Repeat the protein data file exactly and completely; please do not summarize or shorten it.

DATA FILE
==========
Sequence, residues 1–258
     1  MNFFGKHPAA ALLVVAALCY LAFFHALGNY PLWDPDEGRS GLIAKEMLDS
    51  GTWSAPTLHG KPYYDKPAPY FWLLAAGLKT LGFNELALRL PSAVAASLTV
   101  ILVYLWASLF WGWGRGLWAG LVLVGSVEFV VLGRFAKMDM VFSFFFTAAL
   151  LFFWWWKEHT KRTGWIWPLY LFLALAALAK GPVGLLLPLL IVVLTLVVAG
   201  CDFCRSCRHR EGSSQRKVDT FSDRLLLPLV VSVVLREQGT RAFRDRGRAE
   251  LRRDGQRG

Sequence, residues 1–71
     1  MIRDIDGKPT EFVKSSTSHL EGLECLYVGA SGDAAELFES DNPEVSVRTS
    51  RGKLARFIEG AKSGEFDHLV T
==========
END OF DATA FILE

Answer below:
Sequence, residues 1–258
     1  MNFFGKHPAA ALLVVAALCY LAFFHALGNY PLWDPDEGRS GLIAKEMLDS
    51  GTWSAPTLHG KPYYDKPAPY FWLLAAGLKT LGFNELALRL PSAVAASLTV
   101  ILVYLWASLF WGWGRGLWAG LVLVGSVEFV VLGRFAKMDM VFSFFFTAAL
   151  LFFWWWKEHT KRTGWIWPLY LFLALAALAK GPVGLLLPLL IVVLTLVVAG
   201  CDFCRSCRHR EGSSQRKVDT FSDRLLLPLV VSVVLREQGT RAFRDRGRAE
   251  LRRDGQRG

Sequence, residues 1–71
     1  MIRDIDGKPT EFVKSSTSHL EGLECLYVGA SGDAAELFES DNPEVSVRTS
    51  RGKLARFIEG AKSGEFDHLV T